29 October 1999
Our current howler (part II): High style
Synopsis: Gore said Bradley would spend too much on health. On three follow-up shows, nobody noticed.
Commentary by Bill Press, Mary Matalin
Crossfire, CNN, 10/27/99
Commentary by Claire Shipman, Brian Williams, Howard Fineman, Lisa Myers
The News with Brian Williams, MSNBC, 10/27/99
Commentary by Larry King
Larry King Live, CNN, 10/27/99
Commentary by Chris Matthews, Robert Reich, Tony Blankley
Hardball, CNBC, 10/28/99
Did we mention that the press corps tends to be negative?
That it isn't just Carlson and Carlson? Margaret Carlson assured
us on Wednesday that the town hall would be "the dull and
the duller." Ninety minutes later, co-hosting Crossfire,
Bill Press also previewed the forum:
PRESS: It's already being called the contest between dull and
Huh! Now where had we heard that before? Thirty seconds
later, co-host Mary Matalin quoted a scribe; the event would be
"Tweedledee and Tweedledum." Do you ever get the sneaking
idea that these people really hate covering newsthat they'd
be happier reporting on big fashion shows, or just covering Game
4 of the Series?
Because if you actually care about public affairs, the forum
was a long way from dull. It featured smart questions from plainly
concerned citizens, answered by smart, learned pols. (The press
corps had to watch on TVs, penned up in a separate room altogether.)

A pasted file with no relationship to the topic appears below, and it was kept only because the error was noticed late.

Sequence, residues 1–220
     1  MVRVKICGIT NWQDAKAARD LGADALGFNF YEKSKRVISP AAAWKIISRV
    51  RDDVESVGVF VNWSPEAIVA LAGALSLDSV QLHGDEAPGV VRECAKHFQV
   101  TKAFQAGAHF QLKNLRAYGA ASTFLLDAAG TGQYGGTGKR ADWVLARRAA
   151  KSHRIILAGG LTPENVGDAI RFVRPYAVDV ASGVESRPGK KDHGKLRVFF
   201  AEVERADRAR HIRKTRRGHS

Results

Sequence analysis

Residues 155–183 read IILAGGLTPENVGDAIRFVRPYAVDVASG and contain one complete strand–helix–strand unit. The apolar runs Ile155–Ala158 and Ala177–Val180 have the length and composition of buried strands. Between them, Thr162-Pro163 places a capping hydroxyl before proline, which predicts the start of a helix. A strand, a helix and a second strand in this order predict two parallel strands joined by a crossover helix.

A teacher asked about cynical students; an adult child asked about
Alzheimer treatments. And the hopefuls showed a vast range of
experience, smartly responding on a wide range of topics. In fact,
the forum was so much smarter than any hour ever engineered by
the press corps itselfwell, one found oneself wishing for more
opportunities to explore the news with the press corps not present.
And in the debate, an intriguing dispute was thrown into stark
relief. Early on, Gore cited a new study from Emory University;
it said Bradley's health care plan was too costly. According to
the study, the plan would cost $1.2 trillion over ten yearsmore
than the size of the projected budget surplus over that same ten-year
The dispute about the cost of this plan made page one headlines
in major newspapers. Yepit was "Barbs on policies' cost"
(page one, New York Times); "Gore takes issue with costs
of Bradley health care plan" (page one, Washington Post).
And when NBC's Claire Shipman emerged from the hall to summarize
the forum for handsome anchor Brian Williams, she correctly noted
that the health plan dispute had come up several times in the
SHIPMAN: What was interesting was that Gore continued to come
back to this issue. Bradley was making the case that his health
proposal, which is more expensive, is not going to bankrupt the
country, and Gore continued to needle him on it fairly subtly
throughout the debate.
"That was a fairly interesting moment," she said,
describing one time when Bradley "felt compelled" to
say, "Al is just wrong about the numbers."
But it didn't seem "fairly interesting" to a handsome
anchor, MSNBC's chief fashion analyst. After Shipman's capable
overview, Williams conducted a discussion of the forum with Howard
Fineman and Lisa Myersan eight-minute discussion in which the
dispute about health care simply never came up. What was
discussed on the anchor's show? "I want you to tell me about
stagecraft," Williams told Fineman, and the pundits were
eager to tell their host which hopeful seemed stiff and which
didn't. Almost immediately, Myers got off an Al Gore joke: "He
even slouched, which I assume took some practice," the witty
scribe unforgettably said. And Fineman told us several times that
Gore was "trying very hard to be relaxed...in a mechanical